IAPSP Gun Violence Statement
The International Association for Psychoanalytic Self Psychology, a global association of psychotherapists and psychoanalysts, extends our most heart-felt condolences to those affected by recent mass shootings in Highland Park, Illinois and Copenhagen, Denmark, as well as the assassination of the former Prime Minister of Japan. Our hearts break for the communities suffering from these heinous acts of violence, and our thoughts remain with the people of Uvalde, Buffalo, Aurora, Newtown, Las Vegas, Orlando, and too many other communities across the United States. Deeply unsettled by the frequency of these mass shootings, we struggle, once again, to adequately express our horror that yet another community has been shattered by gun violence. As an organization devoted to the development and sustenance of a healthy sense of self and relationships, we cannot remain silent or tolerate inaction.
The United States has the highest rate of firearm deaths among the most developed countries: a person is over nine times more likely to die of firearms violence in the US. Over the last 20 years, gun sales have more than tripled as firearms laws have loosened. The United States has the most armed civilian population in the world with firearms now being the leading cause of death in children and adolescents. As a result of this escalating violence, in 2016, The American Medical Association declared firearm related violence to be a public health crisis.
The trauma and fear associated with mass shootings significantly harms the emotional wellbeing of adults and children. The loss of each life and the effect of witnessing such carnage forever traumatize and alter the lives of the family and friends of the victims, the survivors, the first responders, and the health care professionals. Research suggests that such events lead to significant post-traumatic distress among victims and bystanders and become triggers for those who have experienced similar violent events. Mass shootings erode the sense of physical and emotional safety every child and adult needs to thrive. Schools must be safe havens for children to learn. City streets, stores, and places of worship must be secure places for people to congregate and recreate. The consequences of firearm violence and mass shootings must be treated as a substantial public emotional and physical health crisis.
As mental health professionals, we are compelled to respond to the claim by “gun rights” advocates that gun violence is a mental health issue, an argument that has no factual basis. Although firearms death may be related to an underlying mental disorder, the rate of mental disorders does not vary substantially from one developed country to another. The difference in rates of gun violence between the US and other developed countries lies in gun control legislation. The United States is alone in making dangerous firearms available without significant restriction. Such efforts to shift the focus from a legislative issue to a mental health one ignore common sense solutions and legislation that prevent mass carnage in other countries. In addition, conflating a legislative issue with mental health encourages discrimination and stigmatization of people diagnosed with mental illnesses, people who are more likely to be victims than perpetrators of violence.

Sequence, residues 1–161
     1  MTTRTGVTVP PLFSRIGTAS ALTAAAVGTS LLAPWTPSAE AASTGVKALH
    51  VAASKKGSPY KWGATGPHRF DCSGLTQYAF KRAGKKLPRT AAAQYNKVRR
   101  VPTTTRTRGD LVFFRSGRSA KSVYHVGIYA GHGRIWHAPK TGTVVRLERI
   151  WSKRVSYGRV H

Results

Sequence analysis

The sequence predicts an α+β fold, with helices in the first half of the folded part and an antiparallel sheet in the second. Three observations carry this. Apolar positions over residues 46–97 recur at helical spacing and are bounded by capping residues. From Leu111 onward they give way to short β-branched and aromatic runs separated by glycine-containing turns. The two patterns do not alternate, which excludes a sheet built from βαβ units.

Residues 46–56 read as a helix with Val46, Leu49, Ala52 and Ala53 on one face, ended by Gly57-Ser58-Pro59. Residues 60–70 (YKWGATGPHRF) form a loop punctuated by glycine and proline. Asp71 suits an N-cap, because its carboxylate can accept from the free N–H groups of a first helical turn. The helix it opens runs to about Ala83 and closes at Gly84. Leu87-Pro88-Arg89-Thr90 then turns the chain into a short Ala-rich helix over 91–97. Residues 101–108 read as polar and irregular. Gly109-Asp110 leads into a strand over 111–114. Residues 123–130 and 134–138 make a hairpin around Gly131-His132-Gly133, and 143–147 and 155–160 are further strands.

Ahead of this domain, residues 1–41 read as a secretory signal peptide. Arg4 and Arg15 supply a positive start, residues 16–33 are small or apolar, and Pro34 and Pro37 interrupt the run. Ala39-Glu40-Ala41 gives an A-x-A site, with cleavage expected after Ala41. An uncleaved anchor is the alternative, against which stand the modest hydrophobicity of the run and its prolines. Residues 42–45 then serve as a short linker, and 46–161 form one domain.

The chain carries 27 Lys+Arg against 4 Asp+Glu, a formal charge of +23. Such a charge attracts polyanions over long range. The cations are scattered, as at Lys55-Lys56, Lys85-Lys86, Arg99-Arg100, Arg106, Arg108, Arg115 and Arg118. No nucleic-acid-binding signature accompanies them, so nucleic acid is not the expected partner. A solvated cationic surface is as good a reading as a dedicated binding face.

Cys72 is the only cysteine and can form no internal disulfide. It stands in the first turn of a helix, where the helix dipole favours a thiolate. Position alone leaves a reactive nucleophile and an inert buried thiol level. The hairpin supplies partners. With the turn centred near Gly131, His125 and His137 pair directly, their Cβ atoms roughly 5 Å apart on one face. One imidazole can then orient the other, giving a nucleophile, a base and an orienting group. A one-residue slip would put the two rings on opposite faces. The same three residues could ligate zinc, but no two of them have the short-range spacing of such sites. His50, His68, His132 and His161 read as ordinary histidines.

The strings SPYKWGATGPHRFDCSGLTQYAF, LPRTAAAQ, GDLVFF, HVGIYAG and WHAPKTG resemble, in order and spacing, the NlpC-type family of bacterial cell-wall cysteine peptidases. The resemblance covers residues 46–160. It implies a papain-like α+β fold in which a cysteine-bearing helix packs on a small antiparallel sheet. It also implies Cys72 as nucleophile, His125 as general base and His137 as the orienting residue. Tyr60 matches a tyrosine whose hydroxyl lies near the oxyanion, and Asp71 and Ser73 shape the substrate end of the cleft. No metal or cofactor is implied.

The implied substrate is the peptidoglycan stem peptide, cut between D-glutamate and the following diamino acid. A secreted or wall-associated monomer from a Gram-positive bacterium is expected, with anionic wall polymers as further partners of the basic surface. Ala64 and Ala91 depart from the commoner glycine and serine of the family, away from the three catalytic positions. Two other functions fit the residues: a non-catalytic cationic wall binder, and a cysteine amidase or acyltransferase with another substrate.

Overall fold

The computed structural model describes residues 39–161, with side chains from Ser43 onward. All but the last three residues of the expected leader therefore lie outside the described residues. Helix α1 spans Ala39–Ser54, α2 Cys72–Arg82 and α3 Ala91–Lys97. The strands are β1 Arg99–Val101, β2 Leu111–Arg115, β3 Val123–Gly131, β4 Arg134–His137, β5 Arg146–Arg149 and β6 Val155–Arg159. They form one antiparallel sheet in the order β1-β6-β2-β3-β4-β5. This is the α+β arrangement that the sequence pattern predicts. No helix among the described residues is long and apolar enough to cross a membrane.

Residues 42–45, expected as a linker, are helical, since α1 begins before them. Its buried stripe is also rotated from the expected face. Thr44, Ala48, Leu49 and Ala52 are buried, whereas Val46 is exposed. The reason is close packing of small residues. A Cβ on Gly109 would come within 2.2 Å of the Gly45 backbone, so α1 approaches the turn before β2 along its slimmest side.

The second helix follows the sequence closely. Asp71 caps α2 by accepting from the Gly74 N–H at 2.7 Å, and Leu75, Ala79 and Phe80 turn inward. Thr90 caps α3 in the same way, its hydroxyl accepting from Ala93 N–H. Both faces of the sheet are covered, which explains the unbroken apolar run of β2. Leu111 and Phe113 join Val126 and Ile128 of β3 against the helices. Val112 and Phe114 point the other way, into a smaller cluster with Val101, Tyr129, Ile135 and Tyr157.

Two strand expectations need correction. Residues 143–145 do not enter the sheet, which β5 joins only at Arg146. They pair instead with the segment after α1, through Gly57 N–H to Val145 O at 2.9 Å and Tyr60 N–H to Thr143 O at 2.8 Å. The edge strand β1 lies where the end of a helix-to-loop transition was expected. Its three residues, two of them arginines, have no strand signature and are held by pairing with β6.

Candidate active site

Although we are heartened by the recent passage of gun safety legislation by the United States, we join with a growing number of international psychological, public health, medical, and educational organizations imploring the United States government representatives and citizens to take additional action to address the gun violence crisis within the United States. We believe that dissipating gun violence in the United States will ultimately require a cultural reckoning and a shift in values from a mindset that privileges individual liberties despite the cost to the collective to one in which empathy and concern for one’s fellow citizens prevails.
We call on the US Congress and state legislatures to continue to pass legislation that reduces the spread of firearms, promotes their safe usage and storage, and establishes community-based teams that include police, mental health professionals and community advocates to de-escalate situations in which individuals are at risk of using guns to commit violence or harm themselves.